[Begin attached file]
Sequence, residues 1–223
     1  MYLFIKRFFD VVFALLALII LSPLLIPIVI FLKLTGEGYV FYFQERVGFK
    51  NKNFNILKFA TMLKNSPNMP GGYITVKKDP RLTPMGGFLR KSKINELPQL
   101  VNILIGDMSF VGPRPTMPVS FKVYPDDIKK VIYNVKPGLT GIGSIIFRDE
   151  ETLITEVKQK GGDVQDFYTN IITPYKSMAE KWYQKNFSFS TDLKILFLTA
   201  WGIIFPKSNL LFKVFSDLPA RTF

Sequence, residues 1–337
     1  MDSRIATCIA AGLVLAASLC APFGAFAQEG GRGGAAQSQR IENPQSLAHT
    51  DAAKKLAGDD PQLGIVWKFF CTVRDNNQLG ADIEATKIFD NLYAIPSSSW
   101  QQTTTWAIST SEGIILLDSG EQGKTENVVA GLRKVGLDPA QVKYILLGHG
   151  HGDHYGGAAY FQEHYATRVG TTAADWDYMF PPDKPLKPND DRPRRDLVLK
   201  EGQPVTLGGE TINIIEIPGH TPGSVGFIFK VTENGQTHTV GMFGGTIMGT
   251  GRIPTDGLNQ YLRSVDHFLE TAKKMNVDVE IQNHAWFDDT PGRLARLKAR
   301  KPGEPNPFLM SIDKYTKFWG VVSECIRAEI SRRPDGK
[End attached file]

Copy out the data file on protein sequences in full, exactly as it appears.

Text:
Sequence, residues 1–223
     1  MYLFIKRFFD VVFALLALII LSPLLIPIVI FLKLTGEGYV FYFQERVGFK
    51  NKNFNILKFA TMLKNSPNMP GGYITVKKDP RLTPMGGFLR KSKINELPQL
   101  VNILIGDMSF VGPRPTMPVS FKVYPDDIKK VIYNVKPGLT GIGSIIFRDE
   151  ETLITEVKQK GGDVQDFYTN IITPYKSMAE KWYQKNFSFS TDLKILFLTA
   201  WGIIFPKSNL LFKVFSDLPA RTF

Sequence, residues 1–337
     1  MDSRIATCIA AGLVLAASLC APFGAFAQEG GRGGAAQSQR IENPQSLAHT
    51  DAAKKLAGDD PQLGIVWKFF CTVRDNNQLG ADIEATKIFD NLYAIPSSSW
   101  QQTTTWAIST SEGIILLDSG EQGKTENVVA GLRKVGLDPA QVKYILLGHG
   151  HGDHYGGAAY FQEHYATRVG TTAADWDYMF PPDKPLKPND DRPRRDLVLK
   201  EGQPVTLGGE TINIIEIPGH TPGSVGFIFK VTENGQTHTV GMFGGTIMGT
   251  GRIPTDGLNQ YLRSVDHFLE TAKKMNVDVE IQNHAWFDDT PGRLARLKAR
   301  KPGEPNPFLM SIDKYTKFWG VVSECIRAEI SRRPDGK